Covenant House Vancouver Donor Story

Louisa’s legacy of caring and community will live on

Celia Campos

Celia Campos
Manager, Legacy Giving
Covenant House Vancouver

In 1958, when Louisa was just 20, she moved to Canada from post-war Holland. It was a very big move and Louisa did not have a network of support in Canada. Her parents had split up when she was young and the only way to stay in touch with her mother on the other side of the world was by mail. Her brother passed away very unexpectedly when he was just 28. The only living relative she had in Canada was an aunt in Ontario, who Louisa rarely connected with.

Knowing what it is like to grow up separate from family, Louise was moved to assist young people who lack a network of support. She chose to provide Covenant House Vancouver with a legacy gift made in memory of her friend Audrey.

She thinks this is one of the reasons why she cares so much about young people, especially those who lack family support. One of Louisa’s jobs was driving a school bus, and she enjoyed connecting with young people and having a positive impact on their lives.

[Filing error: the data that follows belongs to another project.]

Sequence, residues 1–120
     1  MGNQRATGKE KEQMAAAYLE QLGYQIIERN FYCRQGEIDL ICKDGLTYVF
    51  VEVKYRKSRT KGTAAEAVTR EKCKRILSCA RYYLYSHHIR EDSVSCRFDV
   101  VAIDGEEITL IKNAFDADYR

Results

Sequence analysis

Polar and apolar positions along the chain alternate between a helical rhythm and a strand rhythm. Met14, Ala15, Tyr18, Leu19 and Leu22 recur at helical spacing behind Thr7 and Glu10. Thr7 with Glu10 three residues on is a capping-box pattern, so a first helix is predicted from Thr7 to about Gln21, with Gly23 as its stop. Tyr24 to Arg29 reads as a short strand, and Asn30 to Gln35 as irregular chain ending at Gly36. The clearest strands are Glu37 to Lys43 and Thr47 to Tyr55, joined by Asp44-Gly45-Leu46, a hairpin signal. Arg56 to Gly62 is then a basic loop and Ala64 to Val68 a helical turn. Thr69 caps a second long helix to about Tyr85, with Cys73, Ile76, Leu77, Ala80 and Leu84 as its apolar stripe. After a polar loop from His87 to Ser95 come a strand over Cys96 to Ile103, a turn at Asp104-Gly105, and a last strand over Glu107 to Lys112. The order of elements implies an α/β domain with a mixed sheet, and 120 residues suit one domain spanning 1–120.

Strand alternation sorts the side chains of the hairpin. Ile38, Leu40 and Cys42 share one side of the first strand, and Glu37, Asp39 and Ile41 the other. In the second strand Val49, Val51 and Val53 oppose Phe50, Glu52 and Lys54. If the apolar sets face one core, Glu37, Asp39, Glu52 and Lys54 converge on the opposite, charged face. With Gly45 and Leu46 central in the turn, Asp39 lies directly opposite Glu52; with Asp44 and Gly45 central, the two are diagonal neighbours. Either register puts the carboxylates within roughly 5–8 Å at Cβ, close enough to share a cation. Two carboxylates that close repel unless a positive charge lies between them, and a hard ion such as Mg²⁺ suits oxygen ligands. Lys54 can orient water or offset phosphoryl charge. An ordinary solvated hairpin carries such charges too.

Coming from such humble beginnings, Louisa was struck by the homeless population in Vancouver, a problem that
seems to have gotten worse over the years. “In such an affluent society, it’s an absolute disgrace that we have people living on the street,” she says. Living on a fixed income, she chose to support Covenant House Vancouver with a gift in her Will. It will allow her legacy to live on in the lives of our community’s youth and their friends and families.

“Audrey would have been so proud of what this gift will achieve in her name—young people were so important to her.”

Louisa’s legacy gift, made in memory of her dear friend Audrey, is known as a “residual gift.” This means Covenant House Vancouver will receive a portion of the residue of her estate after all of Louisa’s expenses have been taken care of. This gives Louisa the peace of mind that she can continue to enjoy her current lifestyle, including connecting with friends, enjoying arts and culture and travelling occasionally.

Arranging a charitable gift through your Will can be as simple as adding a paragraph to your Will. For individuals who wish to include a charitable bequest in their already prepared Wills, a legal professional can provide a document called a codicil.

“Audrey would have been so proud of what this gift will achieve in her name—young people were so important to her,” says Louisa.

Covenant House Vancouver

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